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  • Louis Strauss

Unlocking the power of dual transformation


To ensure your business is equipped to thrive in the years to come, you need to take a dual-engine approach to organisational design. The idea here is to serve your current customers while also building out the capabilities to meet the needs of your future customers, even if these sets of customers are the same.


Below, you’ll discover how to transform your organisational design using a proven strategy called dual transformation. As part of this process, you’ll become familiar with two key concepts, known as Engine A and Engine B.


A tale of two engines, and why you need both


Engine A is your current economic engine. Maximising longevity is the objective with Engine A, so it’s essential to find more efficient ways to meet your customers’ needs.


Market demands, expectations and forces have changed significantly. So, if you want your core business to survive, it’s imperative that you make the appropriate changes as well. This may sound obvious, but execution is tricky, and markets are riddled with stories of failure.


Engine B is about creating new revenue streams. You do this by creating a team that initially focuses on the discovery of these new areas of growth, which eventually take over as your primary economic engine.


Beware the gravitational pull of Engine A


When attempting to implement this two-pronged approach, the gravitational pull of your Engine A may suck in the much smaller Engine B.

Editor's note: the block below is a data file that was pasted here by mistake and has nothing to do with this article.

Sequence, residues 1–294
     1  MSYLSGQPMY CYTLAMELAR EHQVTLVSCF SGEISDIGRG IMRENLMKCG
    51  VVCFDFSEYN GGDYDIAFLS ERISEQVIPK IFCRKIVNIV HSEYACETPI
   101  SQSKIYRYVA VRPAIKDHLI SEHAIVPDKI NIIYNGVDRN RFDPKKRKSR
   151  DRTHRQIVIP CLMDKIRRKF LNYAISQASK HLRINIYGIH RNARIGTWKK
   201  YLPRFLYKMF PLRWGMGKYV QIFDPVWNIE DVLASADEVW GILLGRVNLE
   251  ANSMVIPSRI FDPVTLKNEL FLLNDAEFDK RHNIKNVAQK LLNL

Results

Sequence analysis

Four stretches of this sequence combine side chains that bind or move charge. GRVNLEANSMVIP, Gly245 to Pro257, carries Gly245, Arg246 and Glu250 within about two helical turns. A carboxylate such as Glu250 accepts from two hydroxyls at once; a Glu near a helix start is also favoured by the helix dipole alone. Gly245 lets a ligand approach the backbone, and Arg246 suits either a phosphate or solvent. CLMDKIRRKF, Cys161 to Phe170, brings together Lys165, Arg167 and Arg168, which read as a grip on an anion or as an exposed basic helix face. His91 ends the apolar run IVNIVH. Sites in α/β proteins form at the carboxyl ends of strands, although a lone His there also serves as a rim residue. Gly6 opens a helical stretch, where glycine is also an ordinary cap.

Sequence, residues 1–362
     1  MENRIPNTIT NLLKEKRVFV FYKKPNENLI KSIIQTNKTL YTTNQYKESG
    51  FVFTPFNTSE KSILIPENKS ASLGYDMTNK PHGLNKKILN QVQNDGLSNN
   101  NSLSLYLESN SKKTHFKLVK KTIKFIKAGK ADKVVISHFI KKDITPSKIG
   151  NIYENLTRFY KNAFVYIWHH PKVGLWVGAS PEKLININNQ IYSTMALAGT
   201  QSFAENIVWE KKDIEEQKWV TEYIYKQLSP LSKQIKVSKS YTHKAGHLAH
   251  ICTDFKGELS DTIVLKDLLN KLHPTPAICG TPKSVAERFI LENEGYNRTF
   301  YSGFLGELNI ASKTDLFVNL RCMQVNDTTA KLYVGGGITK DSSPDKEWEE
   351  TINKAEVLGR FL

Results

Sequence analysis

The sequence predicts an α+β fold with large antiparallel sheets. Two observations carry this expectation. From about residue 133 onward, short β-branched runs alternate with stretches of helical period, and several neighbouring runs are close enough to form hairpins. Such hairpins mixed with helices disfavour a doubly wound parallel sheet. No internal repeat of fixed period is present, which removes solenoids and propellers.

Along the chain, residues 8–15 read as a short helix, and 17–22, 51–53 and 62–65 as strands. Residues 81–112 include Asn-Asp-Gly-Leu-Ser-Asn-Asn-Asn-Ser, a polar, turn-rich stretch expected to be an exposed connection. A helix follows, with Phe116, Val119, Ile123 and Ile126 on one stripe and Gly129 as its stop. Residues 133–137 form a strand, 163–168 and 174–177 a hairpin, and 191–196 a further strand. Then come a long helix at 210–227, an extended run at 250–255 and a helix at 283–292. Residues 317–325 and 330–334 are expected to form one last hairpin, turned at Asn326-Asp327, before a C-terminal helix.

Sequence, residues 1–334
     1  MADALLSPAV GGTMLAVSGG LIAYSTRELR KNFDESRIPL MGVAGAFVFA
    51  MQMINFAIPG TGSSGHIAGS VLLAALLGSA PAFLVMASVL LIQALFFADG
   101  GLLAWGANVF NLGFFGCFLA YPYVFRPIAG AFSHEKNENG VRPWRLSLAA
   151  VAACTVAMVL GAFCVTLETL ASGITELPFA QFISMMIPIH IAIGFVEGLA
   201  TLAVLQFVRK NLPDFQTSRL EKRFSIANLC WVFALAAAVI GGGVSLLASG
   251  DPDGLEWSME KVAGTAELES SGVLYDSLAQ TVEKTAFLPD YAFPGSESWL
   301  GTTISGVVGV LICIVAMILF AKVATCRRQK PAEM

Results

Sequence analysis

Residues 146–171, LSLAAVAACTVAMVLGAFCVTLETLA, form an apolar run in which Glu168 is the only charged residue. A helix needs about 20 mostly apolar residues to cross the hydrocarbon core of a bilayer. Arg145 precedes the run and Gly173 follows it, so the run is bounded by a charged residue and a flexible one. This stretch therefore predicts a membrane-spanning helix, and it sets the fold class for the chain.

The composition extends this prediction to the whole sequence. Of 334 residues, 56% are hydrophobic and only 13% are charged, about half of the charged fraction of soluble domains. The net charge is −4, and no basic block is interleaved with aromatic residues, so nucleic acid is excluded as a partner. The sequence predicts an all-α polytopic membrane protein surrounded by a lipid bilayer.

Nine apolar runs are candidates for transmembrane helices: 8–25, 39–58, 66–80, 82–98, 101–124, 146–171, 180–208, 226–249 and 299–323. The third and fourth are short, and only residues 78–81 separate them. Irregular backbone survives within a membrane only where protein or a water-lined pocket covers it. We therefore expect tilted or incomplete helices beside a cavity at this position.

The issue lies in not prioritising your Engine B over your Engine A, as it most likely means less growth and revenue in the short term.


What is critical in this transition is that as Engine B grows, it leverages more and more of Engine A -- in the form of intellectual property (IP) and resources -- until it becomes the primary engine.


The key to transitioning your engines successfully


The first step to ensuring this is successful is to take control of your Engine A, ensuring that all that remains is vital to your core business. This is all about gaining control through consolidation.


If you're going to transition your engines successfully, you need to make sure your Engine A has been tamed. A decentralised beast with many silos will be significantly harder to transform digitally.


Once in control, building out your Engine B becomes the primary objective. As stated earlier, Engine B should be given the freedom to operate and grow, leveraging the resources of your Engine A.


Eventually, the gravitational pull of your Engine B should outweigh that of your Engine A, absorbing it entirely.


Remember, just how the brick connected all those who worked at Lego, so too must your Engine A and Engine B share a common fabric that ensures alignment, so that this transition is as fluid as possible.

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